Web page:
If x is one variable in the relationship and y is the other, then xy=constant for all values of x and y (that's inverse proportionality); or y=ax (where a is a constant) for direct proportionality, so that y=0 when x=0. So we could say: One variable changes as the other changes: one increases as the other increases in a linear fashion (a graph would be a straight line) – direct proportionality; If directly proportional, the graph is a straight line passing through the origin; One variable changes as the other changes: one increases as the other decreases (non-linear) – inverse proportionality, and their product is constant.
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How do you recognize a proportional relationship in a graph?

?????????????? "proposhunal relashunship" ?????????? ??? like aunt hatie ??? me ges sumwon invent fansee-pant speek for SLOPE
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how do you determine a linear regression for data

Joe's sales records for the sale of tomatoes would be the basis of establishing whether linear regression applies. His business is at least in part selling tomatoes, and there is a direct relationship between the number of tomatoes he sells and his profit. Written into this is the potential loss per month of giving away tomatoes he could have sold. So the 5 tomatoes are worth 3.75 a month. He does sell more tomatoes than he gives away. We have to assume that he doesn't lose a significant number of tomatoes as a result of decay or theft or taking them for himself or his family. We could assume that he gives away tomatoes because they would otherwise decay.  The graph of tomato sales would take the form of time against number sold or the revenue from the sales. Time could be in days or weeks, depending on when he did his accounting. He could also plot his production on the same time scale to see what proportion of the tomatoes he grows are sold. Over a period of several months it should be clear whether there was a linear trend, i.e., the data followed a roughly straight line, some data below, some data above the line in the form y=ax+b+e where a is the slope, b the y intercept and e an error factor caused by data fluctuations.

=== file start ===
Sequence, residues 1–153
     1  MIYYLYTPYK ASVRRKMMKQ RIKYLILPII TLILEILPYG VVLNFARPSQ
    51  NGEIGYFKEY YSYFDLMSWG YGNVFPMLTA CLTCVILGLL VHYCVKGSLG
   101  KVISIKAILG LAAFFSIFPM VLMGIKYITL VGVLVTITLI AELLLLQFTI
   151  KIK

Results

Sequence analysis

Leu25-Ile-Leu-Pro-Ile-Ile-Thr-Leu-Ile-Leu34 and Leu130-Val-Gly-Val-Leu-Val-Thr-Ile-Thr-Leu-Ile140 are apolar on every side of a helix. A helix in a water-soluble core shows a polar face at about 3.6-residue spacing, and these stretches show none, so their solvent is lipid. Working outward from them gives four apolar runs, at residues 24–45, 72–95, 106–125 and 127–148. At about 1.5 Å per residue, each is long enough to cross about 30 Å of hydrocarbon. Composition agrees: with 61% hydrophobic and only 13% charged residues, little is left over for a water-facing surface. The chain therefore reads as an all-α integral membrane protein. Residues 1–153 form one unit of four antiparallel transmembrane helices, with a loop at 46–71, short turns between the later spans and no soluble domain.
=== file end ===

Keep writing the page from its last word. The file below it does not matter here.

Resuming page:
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15\4 divided by 5

me assume that shood be (15/4) /5 =15/20 =3/4 =0.75 =75%
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I need help, I really need help pleeease.